Depressed grid: Sadc must capitalise on regionally integrated solutions
Prosper Ndlovu, Business Editor
DEVELOPING efficient energy systems has always been closely linked to successful industrialisation across the globe, yet for most countries in Southern Africa, alongside other regional counterparts in Sub-Saharan Africa, rolling power cuts and low access to electricity by a majority remain the biggest drawback.
As climate change and the Russia-Ukraine conflict keep pushing energy prices and cost of living up, demand for reliable, least cost, and environmentally sustainable energy is a must for Southern Africa.
Massive investment projects in different parts of the region require adequate energy generation to bring about desired regional transformation in line with the SADC Industrialisation Strategy and Roadmap (2015-2063), and the Regional Infrastructure Development Master Plan (2012-2027).
Amid limited fiscal space and subdued foreign direct investment in energy projects, supply deficit will pile more pressure on the already strained regional grid, which calls for enhanced cooperation, interconnectedness, and power pooling to ensure energy security underpins regional industrialisation.
As things stand, reports from across the Sadc bloc indicate that most member states are in dire straits in terms of energy supply.
Load shedding is not only crippling the productive sector but straining provision of basic social services such as water and sewer reticulation, as well as health operations, among others, which mostly affect ordinary people.
Sadc’s leading industrialised economy, South Africa, has been plagued by acute energy shortages for the better part of this year and before. According to local media reports, the country’s power utility, Eskom, which generates more than 90 percent of electricity with about 46 000MW installed capacity, has struggled to meet demand since 2007.
Ageing coal plants, which are prone to constant breakdowns at a time the utility is making losses amid debts running into billions of rands, protracted labor disputes/protests have compounded the situation.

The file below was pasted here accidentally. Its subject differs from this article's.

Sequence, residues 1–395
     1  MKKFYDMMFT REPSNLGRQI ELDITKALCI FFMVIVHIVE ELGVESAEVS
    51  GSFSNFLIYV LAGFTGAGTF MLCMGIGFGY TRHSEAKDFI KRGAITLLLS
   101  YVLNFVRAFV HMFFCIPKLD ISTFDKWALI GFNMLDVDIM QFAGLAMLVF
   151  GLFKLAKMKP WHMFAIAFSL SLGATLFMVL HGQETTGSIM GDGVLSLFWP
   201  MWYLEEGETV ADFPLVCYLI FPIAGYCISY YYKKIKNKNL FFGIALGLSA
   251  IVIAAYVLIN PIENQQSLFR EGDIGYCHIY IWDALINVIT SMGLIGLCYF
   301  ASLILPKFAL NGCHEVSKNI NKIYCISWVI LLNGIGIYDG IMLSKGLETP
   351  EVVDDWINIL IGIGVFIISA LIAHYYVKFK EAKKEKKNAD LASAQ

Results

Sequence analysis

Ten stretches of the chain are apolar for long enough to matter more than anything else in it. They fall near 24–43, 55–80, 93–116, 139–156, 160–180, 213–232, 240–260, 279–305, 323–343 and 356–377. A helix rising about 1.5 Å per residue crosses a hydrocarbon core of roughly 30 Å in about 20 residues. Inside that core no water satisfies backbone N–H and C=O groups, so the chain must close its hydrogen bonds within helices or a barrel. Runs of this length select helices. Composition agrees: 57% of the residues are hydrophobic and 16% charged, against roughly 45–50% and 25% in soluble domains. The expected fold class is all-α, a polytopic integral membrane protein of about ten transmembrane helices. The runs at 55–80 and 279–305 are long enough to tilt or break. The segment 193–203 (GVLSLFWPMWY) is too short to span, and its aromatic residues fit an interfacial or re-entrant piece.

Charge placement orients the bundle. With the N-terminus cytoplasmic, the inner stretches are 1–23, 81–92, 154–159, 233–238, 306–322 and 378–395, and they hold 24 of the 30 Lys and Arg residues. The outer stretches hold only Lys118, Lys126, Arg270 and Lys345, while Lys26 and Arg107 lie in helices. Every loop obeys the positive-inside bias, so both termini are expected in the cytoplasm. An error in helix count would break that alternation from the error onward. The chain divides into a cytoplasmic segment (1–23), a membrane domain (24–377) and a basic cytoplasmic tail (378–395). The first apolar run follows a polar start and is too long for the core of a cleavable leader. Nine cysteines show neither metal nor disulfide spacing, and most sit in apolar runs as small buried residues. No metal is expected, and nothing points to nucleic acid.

At ‘Stage 6’ load shedding, regarded as the severest this year, water and sewer reticulation operations by municipalities have been shattered, the Sowetan reported early this month, quoting South Africa’s Local Government Minister, Anton Bredell, who said the costs of power cuts were piling up due to pipe bursts and service disruption.
Zimbabwe and Zambia face the same predicament, which has been worsened by climate change complications through reduced water levels, mainly at Lake Kariba, the largest hydro-power base for the two neighboring states.
Locally, Zesa this month drastically cut electricity output to less than 300MW from a peak of above 750MW at Kariba following a directive by the Zambezi River Authority citing low water levels. This has induced a huge strain on manufacturing companies, local authorities, and households.
“Surviving without water and electricity is a nightmare. We’re now forced to wake up at midnight to cook meals for the whole day knowing power will be disconnected at 5AM. Queuing at boreholes for long hours is frustrating,” said Ms Bekezela Ncube from Bulawayo’s Emganwini suburb.
While Zambia seemingly has some excess grid to share with neighbors under negotiated circumstances, locals have equally reported adverse impacts of unstable supplies.
“This situation isn’t sustainable. Zambia has traditionally been reliant on hydroelectric power, but the Kariba Dam hasn’t been adequately maintained for decades, and variable rainfall in recent years reduces hydroelectric generation capacity,” Zambia’s State-owned group, ZCCM Investments Holdings’ board chairperson, Dolika Banda, said in a report by Creamer Media’s Mining Weekly.
“Our energy situation is untenable. Electricity is unreliable and power outages are frequent. Many have to use generators, which is costly.”
Namibia also faces acute energy deficiency, particularly in rural areas, where slightly above half of the population has access to power with Windhoek importing over 50 percent of electricity, mainly from South Africa, according to Parliament records.
Similarly, the African Journal Online reports the Kingdom of Eswatini has been experiencing power outages for some time, which has muted efforts to increase access to electricity, resulting in harsh penalties and costs to the economy.
In Malawi, the United Nations Development Programme (UNDP: December 2022) lists energy constraints among top challenges that hamper progress toward sustainable economic growth.
The script is the same in other regional members, save for Mozambique, which has recently leapfrogged its peers to become one of SADC’s primary producers and exports power to Botswana, South Africa, Zimbabwe, and the Southern African Power Pool (SAPP).
Indeed, the prevailing supply deficit exposes the inadequacies of fragmented efforts by individual countries, with expert and research insight showing SADC is yet to fully exploit numerous benefits of regional energy cooperation due to sluggish project implementation and weaker interconnecting infrastructure.
This is despite the well-expressed regional energy integration framework as espoused in the 1996 Sadc Protocol on Energy, which promotes harmonious development of national policies for common interest in energy security – backed by the establishment of SAPP, which institutionalized regional energy trading.
Scaling up regional collaboration is, thus, more fundamental to Sadc energy sustainability in the face of geo-political complications that are tilting global value chains and climate change contestations on financing fossil-energy projects.